Road conditions

Trinidad and Tobago have several good four-lane highways and one-sided controlled-access highways. Countryside roads are narrow and sometimes deep, with drainage trenches on either side. Frequent congestion, as a result, is seen quite often. Services or roadside assistance is limited and may be subject to lengthy delays. Landslides and sinkholes are pretty standard.

Driving tips in Trinidad and Tobago

  • Watch out for potholes and landslides
  • Driving styles are very unexpected, and you may want to be cautious about tailgating, abrupt stops, and changing lanes without signaling
  • Trinidad and Tobago has left-aligned traffic, and all signs are in English
  • It is vital not to leave any valuables in your car unattended
  • Always use the steering wheel lock, and park in a secure off-road lot
  • Children below the age of five must be seated in an appropriate restraint
  • Ask locals or rental companies for essential traffic signals. Some drivers prefer hand signals, while some use indicators or break signs while turning or slowing down. Always maintain a safe distance if in confusion
  • Fuel prices are relatively low. Gas stations usually have attendants and may operate at irregular hours.
  • Seat belts are required for all persons in the vehicle

Top 3 Places to Visit in Trinidad and Tobago

Maracas Bay, Trinidad

Bordered by coconut palms, Maracas bay is the most famous beach in Trinidad and Tobago. It is a 40-minute drive through the mountainous rainforest from the Port of Spain. You can rent umbrellas and chairs at the beach, and food trucks and vendors provide you with snacks. Visiting Las Cuevas Beach for an off-beat destination nearby comes highly recommended!

Englishman’s Bay, Tobago

Englishman’s Bay is about 1.5 km (about a mile) from Castara and is a secluded beach. The drive is a narrow, winding road surrounded by jungle-cloaked hills and palm trees. It is a very romantic place around Trinidad and Tobago. You can rent umbrellas and chairs at this beach too.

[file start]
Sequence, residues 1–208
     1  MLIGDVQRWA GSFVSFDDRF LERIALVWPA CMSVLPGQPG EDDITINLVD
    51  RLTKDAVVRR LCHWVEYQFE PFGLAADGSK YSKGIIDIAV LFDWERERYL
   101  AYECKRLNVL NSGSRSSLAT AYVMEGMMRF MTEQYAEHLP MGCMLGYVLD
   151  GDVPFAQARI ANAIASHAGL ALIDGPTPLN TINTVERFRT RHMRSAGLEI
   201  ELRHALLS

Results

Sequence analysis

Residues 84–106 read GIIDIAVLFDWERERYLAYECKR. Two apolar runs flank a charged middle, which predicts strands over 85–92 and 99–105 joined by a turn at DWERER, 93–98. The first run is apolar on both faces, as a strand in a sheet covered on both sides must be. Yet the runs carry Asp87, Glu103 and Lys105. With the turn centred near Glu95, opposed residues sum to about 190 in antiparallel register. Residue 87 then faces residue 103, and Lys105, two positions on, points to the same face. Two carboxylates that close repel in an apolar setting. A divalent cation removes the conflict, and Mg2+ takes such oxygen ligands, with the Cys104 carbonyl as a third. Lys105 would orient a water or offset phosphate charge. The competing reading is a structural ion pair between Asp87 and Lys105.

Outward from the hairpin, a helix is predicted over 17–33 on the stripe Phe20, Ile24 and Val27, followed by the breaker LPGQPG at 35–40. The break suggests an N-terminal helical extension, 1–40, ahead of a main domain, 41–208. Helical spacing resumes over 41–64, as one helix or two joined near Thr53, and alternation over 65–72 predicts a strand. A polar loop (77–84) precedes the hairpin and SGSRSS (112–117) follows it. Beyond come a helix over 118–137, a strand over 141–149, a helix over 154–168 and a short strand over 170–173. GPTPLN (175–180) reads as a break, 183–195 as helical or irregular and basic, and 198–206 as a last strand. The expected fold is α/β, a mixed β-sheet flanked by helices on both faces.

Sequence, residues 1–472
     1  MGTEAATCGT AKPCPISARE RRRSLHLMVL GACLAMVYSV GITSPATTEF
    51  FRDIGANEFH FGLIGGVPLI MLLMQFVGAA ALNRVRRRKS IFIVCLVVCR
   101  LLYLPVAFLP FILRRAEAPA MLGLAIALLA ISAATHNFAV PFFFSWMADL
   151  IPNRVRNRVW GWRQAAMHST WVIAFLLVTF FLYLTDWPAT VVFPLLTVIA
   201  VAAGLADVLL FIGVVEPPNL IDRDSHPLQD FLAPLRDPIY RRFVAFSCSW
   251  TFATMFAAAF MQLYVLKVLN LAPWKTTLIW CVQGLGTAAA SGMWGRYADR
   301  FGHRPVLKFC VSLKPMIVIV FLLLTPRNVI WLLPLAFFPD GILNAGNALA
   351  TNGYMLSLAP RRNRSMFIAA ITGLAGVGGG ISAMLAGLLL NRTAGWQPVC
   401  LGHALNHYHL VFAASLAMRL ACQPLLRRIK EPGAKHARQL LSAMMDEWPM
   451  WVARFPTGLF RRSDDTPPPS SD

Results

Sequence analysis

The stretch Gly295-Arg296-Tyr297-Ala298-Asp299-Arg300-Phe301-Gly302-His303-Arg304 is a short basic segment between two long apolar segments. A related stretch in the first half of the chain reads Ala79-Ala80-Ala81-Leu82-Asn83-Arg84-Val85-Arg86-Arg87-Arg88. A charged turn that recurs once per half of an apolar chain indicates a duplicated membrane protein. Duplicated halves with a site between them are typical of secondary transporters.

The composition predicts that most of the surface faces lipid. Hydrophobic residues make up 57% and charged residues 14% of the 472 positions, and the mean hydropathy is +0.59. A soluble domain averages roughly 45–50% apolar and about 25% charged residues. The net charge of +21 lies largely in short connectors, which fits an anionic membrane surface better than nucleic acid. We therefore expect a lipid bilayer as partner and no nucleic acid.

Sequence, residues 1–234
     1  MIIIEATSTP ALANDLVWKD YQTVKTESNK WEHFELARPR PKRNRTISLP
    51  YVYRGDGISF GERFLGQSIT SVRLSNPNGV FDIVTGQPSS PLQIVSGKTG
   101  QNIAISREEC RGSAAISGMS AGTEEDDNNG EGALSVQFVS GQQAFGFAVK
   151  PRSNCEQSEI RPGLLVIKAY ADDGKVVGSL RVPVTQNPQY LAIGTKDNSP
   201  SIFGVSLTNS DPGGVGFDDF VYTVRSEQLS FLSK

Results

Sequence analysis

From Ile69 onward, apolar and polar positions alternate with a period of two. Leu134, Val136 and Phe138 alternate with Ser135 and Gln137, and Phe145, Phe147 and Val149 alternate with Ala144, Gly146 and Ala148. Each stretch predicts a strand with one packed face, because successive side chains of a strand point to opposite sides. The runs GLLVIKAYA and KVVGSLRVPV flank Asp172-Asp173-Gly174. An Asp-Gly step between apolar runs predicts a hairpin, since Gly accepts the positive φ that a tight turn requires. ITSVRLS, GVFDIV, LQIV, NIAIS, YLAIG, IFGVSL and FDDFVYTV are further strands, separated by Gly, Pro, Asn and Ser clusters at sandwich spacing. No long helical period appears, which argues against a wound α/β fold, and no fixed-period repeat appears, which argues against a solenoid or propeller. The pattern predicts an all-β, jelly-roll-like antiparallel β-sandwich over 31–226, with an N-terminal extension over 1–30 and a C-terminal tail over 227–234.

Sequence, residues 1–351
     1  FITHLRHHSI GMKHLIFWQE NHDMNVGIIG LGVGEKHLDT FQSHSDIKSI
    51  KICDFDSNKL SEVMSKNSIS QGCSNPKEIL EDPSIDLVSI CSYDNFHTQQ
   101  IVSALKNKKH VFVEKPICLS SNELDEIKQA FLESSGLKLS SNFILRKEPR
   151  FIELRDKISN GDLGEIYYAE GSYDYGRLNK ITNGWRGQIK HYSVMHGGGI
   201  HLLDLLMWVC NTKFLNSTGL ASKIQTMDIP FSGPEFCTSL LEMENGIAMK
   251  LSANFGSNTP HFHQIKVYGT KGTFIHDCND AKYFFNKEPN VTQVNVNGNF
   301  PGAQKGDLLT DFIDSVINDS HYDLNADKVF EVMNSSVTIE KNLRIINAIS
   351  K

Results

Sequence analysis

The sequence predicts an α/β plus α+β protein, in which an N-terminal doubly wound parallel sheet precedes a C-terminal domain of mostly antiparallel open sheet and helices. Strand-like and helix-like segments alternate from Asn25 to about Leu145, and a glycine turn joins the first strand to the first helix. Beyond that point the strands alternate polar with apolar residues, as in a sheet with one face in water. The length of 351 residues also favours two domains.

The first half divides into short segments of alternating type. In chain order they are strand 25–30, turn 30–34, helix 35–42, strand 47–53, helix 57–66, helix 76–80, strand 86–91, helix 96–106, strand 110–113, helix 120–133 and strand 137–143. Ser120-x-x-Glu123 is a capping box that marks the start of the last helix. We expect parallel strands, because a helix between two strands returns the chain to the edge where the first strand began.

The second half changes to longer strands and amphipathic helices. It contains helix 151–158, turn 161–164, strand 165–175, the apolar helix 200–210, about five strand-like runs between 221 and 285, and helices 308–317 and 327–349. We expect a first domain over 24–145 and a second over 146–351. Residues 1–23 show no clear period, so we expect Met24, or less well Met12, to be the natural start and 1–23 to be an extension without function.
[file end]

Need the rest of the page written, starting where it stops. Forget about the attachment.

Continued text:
Asa Wright Nature Centre & Lodge, Trinidad

Asa Wright Nature Centre is a paradise for birdwatching enthusiasts. But any nature lover will also enjoy this 1500 acres of dense forest in the Arima and Aripo Valleys. Many bird species are spotted there, like Hummingbirds, Woodcreepers, Pygmy owls, Trogons, and the rare Nocturnal Oilbird. Mainly, Hummingbirds lovers can spot two more sanctuaries nearby – Yerette sanctuary and Adventure Farm & Nature Reserve. This plot was used for cocoa, coffee, and citrus plantation in the olden times. Birding tours are also available. Places to stay and grab some food are available from nearby cottages too.

Other popular destinations include Pigeon Point, Port of Spain, Caroni Bird Sanctuary, Little Tobago Island, Mount St. Benedict Monastery, Pointe-a-Pierre Wildfowl Trust, Main Ridge Forest Reserve, and Fort King George & the Tobago Museum.


Am I required to have an International Driving Permit in Trinidad and Tobago?

Yes, you are required to have an IDP alongside your original license to rent and drive a vehicle in Trinidad and Tobago.

How long will my International Driving Permit be valid in Trinidad and Tobago?

Since Trinidad and Tobago was contracted to the Geneva Convention on Road Traffic in 1949, the IDP itself is valid for one year.

On which side do you drive in Trinidad and Tobago?

Motorists drive on the left-hand side of the road. Most vehicles are right-hand drive, but left-hand vehicles are available at rental agencies.


  2. Traffic and road conditions in Trinidad Tobago –
  3. Tips for renting a vehicle and driving in Trinidad and Tobago –
  4. Various driving penalties in Trinidad and Tobago –,for%20at%20least%203%20years.